Hack46.Find All Your Media Files

Hack 46. Find All Your Media Files

Use standard command-line tools to track down all of the media files scattered around your computer.

Even with all the great ID3 tagging tools and other programs, we have to organize our media files; sometimes they just get put in strange places. When your collection becomes so scattered that you can't track down files you want, it's time for some spring cleaning. This hack tells you how to track down all the media files on your system, no matter where they are hiding.

2.35.1. The Fast Way

The quickest way to locate your media files is with, well, the locate command. locate uses a database that stores information about where all the files are on a system. On most Linux systems, this database is updated nightly. The up side of locate is that you get information quickly because it searches the database instead of the filesystem. The down side is that the data is up to a day old, so any media files added to the system since the last database update won't show up.

So, to locate all of the MP3 files on a system, type:

 $ locate -i *.mp3  

The -i option tells locate to ignore case, so this will find all files that end in .MP3, .mp3, or even .Mp3. Of course, you might want to locate not only all your MP3 files, but also all your OGG Vorbis and WAV files. While you could do this with individual commands, locate supports regular expressions, so you can combine it all into a single command:

 $ locate -i -r '\.(mp3|ogg|wav)$' 

You can use this same idea to track down all of the video files on your system as well. Just replace the mp3, ogg, or other audio file extensions with video file extensions like avi, mpg, and so on.

Now that you have a complete list of files, you can store that to a file for use in a shell script or tar command later.

2.35.2. The Slow Way

locate is fast and works fine, as long as you don't need data that's up to date. If you just added some media files to your system and you want to make sure they are part of the list, you will need to use find. find doesn't use a preexisting database for its informationit scans the filesystem directly. As a result it can take some time to find files, particularly if you run this against the entire root filesystem. So, to search the entire filesystem for all MP3 files using find, type:

 $ find / -iname "*.mp3"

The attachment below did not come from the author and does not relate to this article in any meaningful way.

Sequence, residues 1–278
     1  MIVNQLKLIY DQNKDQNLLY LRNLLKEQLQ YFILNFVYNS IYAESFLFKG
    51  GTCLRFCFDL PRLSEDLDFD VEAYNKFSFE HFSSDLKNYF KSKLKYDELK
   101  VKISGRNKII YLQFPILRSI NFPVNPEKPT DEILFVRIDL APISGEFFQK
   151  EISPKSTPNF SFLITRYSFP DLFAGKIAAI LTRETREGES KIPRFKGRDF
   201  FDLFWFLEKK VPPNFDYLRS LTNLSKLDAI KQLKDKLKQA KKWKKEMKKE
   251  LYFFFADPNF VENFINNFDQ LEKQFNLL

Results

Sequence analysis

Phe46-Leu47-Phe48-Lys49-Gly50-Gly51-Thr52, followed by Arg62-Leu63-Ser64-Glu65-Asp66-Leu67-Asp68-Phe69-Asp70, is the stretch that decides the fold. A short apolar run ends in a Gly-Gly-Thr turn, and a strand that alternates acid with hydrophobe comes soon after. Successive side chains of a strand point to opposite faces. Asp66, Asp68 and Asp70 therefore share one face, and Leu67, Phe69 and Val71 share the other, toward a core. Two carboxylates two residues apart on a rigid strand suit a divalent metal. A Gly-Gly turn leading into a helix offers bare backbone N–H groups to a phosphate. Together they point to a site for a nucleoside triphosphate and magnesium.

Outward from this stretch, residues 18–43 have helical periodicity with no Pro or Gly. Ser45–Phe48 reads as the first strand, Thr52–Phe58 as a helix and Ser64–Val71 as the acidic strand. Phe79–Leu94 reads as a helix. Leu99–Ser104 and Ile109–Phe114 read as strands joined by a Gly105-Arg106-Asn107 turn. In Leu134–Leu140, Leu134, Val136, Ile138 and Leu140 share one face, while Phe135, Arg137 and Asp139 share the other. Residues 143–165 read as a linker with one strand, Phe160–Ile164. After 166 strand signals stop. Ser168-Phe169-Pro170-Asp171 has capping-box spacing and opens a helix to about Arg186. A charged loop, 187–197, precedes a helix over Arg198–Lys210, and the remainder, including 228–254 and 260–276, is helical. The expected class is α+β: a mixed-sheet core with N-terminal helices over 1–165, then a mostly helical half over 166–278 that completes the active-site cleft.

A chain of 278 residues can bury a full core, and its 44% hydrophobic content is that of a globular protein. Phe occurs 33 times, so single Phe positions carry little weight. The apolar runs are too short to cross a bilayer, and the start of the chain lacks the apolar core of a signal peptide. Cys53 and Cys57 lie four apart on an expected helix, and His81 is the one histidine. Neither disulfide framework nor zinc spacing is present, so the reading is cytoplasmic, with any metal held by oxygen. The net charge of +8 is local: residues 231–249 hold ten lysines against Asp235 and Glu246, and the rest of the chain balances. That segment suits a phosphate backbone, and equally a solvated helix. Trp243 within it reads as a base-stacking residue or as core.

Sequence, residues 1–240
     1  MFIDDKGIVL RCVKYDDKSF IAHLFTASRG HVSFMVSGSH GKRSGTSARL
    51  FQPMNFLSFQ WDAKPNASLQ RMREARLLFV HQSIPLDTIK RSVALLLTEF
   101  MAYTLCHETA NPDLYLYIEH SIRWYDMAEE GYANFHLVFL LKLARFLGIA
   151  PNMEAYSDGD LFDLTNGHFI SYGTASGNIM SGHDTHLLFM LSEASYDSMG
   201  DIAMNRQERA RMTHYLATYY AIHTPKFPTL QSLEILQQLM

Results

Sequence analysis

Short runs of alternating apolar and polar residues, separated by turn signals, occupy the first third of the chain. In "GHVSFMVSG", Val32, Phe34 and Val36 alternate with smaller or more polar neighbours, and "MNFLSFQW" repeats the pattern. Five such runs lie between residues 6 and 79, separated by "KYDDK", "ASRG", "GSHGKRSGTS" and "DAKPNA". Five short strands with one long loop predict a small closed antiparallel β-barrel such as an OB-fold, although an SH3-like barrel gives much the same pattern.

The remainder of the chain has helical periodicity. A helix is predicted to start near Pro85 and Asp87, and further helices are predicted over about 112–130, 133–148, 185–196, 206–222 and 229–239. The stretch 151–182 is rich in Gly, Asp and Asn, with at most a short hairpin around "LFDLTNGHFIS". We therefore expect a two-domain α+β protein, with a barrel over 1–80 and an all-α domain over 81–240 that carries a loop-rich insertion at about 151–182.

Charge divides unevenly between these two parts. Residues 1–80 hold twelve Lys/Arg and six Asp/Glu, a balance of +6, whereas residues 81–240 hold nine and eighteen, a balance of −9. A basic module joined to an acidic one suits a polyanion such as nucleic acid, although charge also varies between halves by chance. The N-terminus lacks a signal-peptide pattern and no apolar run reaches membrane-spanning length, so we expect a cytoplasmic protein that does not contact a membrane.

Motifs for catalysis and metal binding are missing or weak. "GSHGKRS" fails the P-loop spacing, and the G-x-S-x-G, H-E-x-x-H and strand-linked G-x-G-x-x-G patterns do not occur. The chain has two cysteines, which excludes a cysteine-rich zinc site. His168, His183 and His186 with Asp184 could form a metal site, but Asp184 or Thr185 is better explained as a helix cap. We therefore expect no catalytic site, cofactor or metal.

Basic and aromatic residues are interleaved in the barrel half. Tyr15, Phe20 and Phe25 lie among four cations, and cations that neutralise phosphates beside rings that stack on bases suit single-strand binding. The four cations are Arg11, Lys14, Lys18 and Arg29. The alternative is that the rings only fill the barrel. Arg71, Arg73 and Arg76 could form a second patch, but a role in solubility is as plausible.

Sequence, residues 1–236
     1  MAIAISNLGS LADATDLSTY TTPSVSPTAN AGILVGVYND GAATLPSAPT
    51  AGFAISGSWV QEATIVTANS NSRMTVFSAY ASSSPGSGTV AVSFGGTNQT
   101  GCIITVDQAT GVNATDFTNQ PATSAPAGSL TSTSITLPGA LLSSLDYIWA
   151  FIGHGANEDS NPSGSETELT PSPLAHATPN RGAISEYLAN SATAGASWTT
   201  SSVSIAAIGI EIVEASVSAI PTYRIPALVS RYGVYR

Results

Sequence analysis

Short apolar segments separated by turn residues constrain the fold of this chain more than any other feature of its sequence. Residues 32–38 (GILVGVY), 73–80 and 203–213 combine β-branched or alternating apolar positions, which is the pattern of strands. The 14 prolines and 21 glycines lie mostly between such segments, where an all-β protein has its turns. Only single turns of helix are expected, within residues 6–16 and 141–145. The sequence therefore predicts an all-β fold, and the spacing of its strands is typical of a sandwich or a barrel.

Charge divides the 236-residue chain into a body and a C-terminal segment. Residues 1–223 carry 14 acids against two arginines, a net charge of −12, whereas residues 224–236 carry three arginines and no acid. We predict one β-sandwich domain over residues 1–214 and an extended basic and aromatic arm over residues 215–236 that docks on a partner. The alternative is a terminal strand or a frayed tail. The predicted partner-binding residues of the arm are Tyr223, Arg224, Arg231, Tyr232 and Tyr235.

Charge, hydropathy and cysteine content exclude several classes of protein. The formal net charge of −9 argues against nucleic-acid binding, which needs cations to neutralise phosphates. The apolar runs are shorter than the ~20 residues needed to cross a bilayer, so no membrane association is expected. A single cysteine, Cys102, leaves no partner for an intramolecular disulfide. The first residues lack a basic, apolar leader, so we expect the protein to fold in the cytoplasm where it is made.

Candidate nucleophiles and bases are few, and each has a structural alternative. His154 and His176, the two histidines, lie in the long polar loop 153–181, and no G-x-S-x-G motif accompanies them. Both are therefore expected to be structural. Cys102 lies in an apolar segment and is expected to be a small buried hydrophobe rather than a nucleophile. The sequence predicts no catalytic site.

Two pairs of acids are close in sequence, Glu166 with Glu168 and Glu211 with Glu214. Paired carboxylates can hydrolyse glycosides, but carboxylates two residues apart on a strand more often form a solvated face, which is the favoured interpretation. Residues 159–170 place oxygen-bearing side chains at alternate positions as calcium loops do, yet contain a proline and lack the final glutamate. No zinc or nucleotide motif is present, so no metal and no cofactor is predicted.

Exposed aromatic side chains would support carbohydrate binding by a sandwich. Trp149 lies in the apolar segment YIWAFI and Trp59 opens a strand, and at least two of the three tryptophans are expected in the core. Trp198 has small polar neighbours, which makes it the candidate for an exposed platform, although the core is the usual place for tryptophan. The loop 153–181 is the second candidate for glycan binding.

The -iname argument tells find to be case insensitive. Be prepared for this command to chug along and take some time, particularly on a large filesystem. To perform the same command, only on multiple extensions, you need to use the regular expressions pattern matching of find:

 $ find / -iregex '.*\.\(mp3\|ogg\|wav\)$' 

Holy leaning toothpicks, Batman! Yes, all those slashes are necessary to escape the regular expression. Notice I replaced -iname with -iregex to specify that the pattern was a case insensitive regular expression.

Now, one nice thing about find is that it makes it easy to search within a particular directory, so if you only wanted to know about all the MP3 files within your home directory, just change the path find searches in:

 $ find ~ -iname "*.mp3" 

Change ~ to the directory path you want to search. Of course, with all these examples, the output goes directly to the screen. That can be difficult to read through if you have a lot of files, so you probably want to redirect the output to a file you can read through later. To redirect the output of the last command into a file called MP3files in your home directory, type:

 $ find ~ -iname "*.mp3" >  ~/MP3files  

Another powerful ability of find is to execute commands on each file it finds using the -exec argument. With the -exec argument you could, for instance, move or remove all the MP3 files on a system while leaving other files intact. To use the -exec argument, type -exec as the last argument to find, and then follow it with the command you want to run with "{}" instead of the filename. When you are finished with the command, use \; to tell find where the command ends. find will run that command on every file it finds and fill in "{}" with the path to that file. So, to move every MP3 file in a directory (here ~/mp3/) to the /tmp directory, you would type:

 $ find ~/mp3/ -iname '*.mp3' -exec mv  "{}" /tmp / \; 

Be very careful when using the -exec argument to find, especially when performing destructive operations. Test the command first with echo or a similar command to be sure you are acting on the files you intend to. I won't name any names, but a good friend of mine accidentally deleted all the files in his home directory except for MP3s due to mistyping a find command.

Linux Multimedia Hacks
Linux Multimedia Hacks
ISBN: 596100760
Year: 2005
Pages: 156

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